Remember back in September when Chance The Rapper (Chance Bennett) starred in a feature film called SLICE? We do. It took us a while to find the film, but it’s on Amazon Prime if you want to take a gander. The film was directed and written by Austin Vesely and produced by Kevin McGrail and Brandon Riley. The film, however, was distributed by A24. SLICE stars Zazie Beetz, Chris Parnell, Joe Keery, and Hannibal Buress, among many others.
SLICE‘s intention was meant to be a rather darker film, a modern retelling of a werewolf film (is how I saw it), similarly to the Teen Wolf films from 1995. In a spooky small town, a slew of pizza delivery boys
What’s Wrong With Pizza, Man?
There’s nothing wrong with SLICE on the exterior of the film. Stylistically, it’s mesmerizing to watch; Vesely truly makes his debut film something to commemorate. The script, in turn, isn’t half-bad either, considering this was a modern retelling of the nostalgia 90s era. The characters, however, are sometimes over-done to the point where they are vexatious. As a film watcher, I assume this was on purpose, which makes me not loathe it. The concept of the film is interesting and intriguing enough to stand on its own, so the character aspect is a minor detail that wasn’t enjoyed.
Nonetheless, the only two big cons we had about the film were Astrid and Sean’s relationship that was not developed whatsoever. We were kind of descended into a formed relationship where we didn’t actually get to care about Sean. Plus, it’s Vesely playing Sean, so we see him trying to get a small role real quick in his own film (lol). The next aspect we could do without were Scooter and Heather’s outlandish personality. It was meant to be on purpose, of course, but they were like from the film Teen Beach Movie on Disney in 2013. They acted exactly like that, but thankfully one didn’t last long before he was murdered. That brings us to the next question: Who hates pizza this much? Not even Satan does!
SLICE Is Giving Us A Slice Of Elegant Cinematography & Writing
SLICE has various stereotypes and tropes throughout the film. I am assuming Vesely was purposefully making light of stereotypes in films as a dark comic venture. It worked, if so. There were a few moments I chucked because the story was so elaborate that it had to be seen as a joke. This is what made for an engaging film. Not taking it too seriously helped. The ‘cracking the case working hard journalist’ (Sadie Sheridan played by Rae Gray), the crazy cat ladies who are demons (Vera Marcus played by Marilyn Dodds Frank), the werewolf who doesn’t kill (Chance), and the ghosts of the small town of SLICE are what makes up the majority of the film.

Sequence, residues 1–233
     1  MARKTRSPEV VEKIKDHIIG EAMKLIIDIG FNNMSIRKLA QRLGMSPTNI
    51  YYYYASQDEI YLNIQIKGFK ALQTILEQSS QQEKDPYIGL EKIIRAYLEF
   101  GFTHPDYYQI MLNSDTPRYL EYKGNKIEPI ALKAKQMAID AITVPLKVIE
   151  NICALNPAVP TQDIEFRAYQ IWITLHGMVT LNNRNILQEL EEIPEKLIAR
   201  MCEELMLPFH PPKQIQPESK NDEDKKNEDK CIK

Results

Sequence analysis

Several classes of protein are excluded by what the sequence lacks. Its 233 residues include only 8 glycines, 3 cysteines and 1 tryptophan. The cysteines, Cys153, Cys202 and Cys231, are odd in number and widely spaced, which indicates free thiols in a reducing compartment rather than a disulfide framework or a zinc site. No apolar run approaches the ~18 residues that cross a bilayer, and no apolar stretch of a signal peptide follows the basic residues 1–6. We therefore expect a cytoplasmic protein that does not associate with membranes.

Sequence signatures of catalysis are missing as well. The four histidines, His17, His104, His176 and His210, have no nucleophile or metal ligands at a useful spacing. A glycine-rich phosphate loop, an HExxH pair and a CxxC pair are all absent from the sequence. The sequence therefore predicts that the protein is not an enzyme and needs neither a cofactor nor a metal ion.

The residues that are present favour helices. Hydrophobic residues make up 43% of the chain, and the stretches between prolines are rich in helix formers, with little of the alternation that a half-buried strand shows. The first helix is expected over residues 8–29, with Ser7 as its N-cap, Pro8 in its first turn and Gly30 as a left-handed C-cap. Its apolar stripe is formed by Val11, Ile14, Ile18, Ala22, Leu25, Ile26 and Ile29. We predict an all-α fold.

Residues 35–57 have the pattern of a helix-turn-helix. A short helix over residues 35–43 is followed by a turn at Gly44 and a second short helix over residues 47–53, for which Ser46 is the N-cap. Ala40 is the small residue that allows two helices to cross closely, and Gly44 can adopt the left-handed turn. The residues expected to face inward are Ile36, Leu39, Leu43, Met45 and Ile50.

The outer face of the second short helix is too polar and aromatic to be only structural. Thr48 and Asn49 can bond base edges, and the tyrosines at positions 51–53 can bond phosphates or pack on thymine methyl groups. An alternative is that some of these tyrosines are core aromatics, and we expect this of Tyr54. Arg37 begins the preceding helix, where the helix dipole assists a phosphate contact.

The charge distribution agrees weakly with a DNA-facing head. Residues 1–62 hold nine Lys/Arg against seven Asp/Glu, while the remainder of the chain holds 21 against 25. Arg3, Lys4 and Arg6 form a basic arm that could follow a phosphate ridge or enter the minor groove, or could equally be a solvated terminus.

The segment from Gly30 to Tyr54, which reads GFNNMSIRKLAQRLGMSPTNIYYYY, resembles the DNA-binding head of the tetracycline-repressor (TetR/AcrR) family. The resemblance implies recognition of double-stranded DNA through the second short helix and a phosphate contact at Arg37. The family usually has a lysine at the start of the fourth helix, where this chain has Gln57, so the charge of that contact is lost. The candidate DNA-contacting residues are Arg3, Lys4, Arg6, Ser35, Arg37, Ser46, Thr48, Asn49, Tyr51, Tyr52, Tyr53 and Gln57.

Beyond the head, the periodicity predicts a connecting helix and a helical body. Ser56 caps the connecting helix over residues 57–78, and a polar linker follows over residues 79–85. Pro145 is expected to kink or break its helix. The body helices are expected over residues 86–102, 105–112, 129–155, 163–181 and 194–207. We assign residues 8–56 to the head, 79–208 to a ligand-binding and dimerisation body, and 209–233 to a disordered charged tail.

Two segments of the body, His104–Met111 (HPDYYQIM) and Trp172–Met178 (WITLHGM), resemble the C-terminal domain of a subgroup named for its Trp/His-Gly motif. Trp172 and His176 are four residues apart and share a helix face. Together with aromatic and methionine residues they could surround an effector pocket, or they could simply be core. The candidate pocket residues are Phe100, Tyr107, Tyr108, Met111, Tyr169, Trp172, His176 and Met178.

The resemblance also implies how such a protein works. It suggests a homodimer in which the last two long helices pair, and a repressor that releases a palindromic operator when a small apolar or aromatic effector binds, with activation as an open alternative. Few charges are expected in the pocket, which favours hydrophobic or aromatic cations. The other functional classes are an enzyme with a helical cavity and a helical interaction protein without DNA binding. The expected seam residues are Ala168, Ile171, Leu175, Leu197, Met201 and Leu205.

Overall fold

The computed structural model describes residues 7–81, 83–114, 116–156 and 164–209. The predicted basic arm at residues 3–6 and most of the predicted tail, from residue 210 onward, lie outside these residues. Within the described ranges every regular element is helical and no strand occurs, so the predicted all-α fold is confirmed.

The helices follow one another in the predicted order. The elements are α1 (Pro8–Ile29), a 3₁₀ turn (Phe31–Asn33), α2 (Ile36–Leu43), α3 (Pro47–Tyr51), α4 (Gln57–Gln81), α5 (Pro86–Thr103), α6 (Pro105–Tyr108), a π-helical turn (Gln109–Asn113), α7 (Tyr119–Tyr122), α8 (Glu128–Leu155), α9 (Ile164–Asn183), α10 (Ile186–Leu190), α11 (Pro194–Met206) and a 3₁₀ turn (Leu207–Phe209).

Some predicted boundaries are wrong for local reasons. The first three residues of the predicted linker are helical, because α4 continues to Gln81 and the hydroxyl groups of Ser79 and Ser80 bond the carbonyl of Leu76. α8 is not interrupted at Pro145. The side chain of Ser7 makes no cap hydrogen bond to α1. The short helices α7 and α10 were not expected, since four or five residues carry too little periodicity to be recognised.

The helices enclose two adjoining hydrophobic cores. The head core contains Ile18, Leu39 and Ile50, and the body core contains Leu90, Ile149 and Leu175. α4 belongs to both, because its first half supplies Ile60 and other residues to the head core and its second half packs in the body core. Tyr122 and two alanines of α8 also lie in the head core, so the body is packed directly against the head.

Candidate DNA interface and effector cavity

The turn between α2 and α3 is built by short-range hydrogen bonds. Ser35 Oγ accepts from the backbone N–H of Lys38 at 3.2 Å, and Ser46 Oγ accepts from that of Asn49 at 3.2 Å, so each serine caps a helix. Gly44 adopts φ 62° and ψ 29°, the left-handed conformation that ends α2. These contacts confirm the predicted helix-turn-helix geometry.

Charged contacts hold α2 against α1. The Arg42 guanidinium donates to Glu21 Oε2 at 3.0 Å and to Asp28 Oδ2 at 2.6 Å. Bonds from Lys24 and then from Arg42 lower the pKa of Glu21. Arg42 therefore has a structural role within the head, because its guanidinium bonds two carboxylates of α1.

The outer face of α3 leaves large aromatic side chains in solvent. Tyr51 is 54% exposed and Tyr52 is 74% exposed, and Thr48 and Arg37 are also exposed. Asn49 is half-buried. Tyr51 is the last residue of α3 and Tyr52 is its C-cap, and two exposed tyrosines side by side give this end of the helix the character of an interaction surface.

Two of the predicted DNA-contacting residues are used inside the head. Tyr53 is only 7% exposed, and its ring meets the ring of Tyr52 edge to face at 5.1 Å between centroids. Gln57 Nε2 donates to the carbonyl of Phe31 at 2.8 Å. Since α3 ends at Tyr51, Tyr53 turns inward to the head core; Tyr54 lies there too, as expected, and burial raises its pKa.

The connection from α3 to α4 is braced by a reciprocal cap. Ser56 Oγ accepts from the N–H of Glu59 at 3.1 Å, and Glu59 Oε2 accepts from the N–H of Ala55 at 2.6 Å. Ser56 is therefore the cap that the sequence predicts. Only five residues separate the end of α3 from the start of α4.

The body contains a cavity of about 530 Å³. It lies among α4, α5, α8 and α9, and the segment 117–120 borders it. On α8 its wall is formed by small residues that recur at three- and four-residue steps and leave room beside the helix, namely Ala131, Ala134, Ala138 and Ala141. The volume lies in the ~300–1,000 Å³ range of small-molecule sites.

With the current 56% (average 4.9/10) on Rotten Tomatoes, this film deserves much more appreciation for the script. SLICE starts a bit on the slower side, but by the climax and the end, the plot comes to fruition. The film is not perfect, but it does what it needs to do while being pleasing to look at. Various events transpired in the film that I didn’t think would.
Astrid ended up being murdered and turned into a ghost, her deadbeat literal dead boyfriend ended up being… well, dead and deadbeat even after his death. Dax’s character was one of the better characters throughout. Chance provided comedic relief, hilarious commentary, and his werewolf body looked exactly like Teen Wolf from 1995. If this film was designated to pay homage and provide a modern telling of these nostalgic tropes, it wins. By the end of the film, you are satisfied. Or at least I was.
Let’s Give A Second Shout-Out To The Cinematography
One thing that stands out immensely in this film is the cinematography. The directing style is stunning, from the dark tones to the mysterious aspects of the directing, it was just a pleasant film to watch. Zazie Beetz was perfection, but when isn’t she? Her outfits were fire — the only fault we had (mentioned above) was the boyfriend-relationship. We still didn’t care about Sean, no matter how many times they tried to make us. He was kind of a jerk anyway, so I was happy he was a dead deadbeat ghost.
If you don’t want to go into this film for anything else but Chance, Zazie Beetz, and the cinematography; I wouldn’t blame you. I went in knowing a vague idea of what the film was about (because of social media months ago) and actually enjoyed the outcome. For a directional debut, Austin Vesely truly shines in this film; as a director, writer, and somewhat actor.
His concepts and ideas are conspicuous in the script. Why this has a 56% on Rotten Tomatoes is beyond me. This film was easily a score if you saw what Vesely was doing. Paying homage to nostalgia, using those as comedic relief (which was rather hilarious), and then providing an entertaining, mysterious movie to watch alongside it. What more could you want?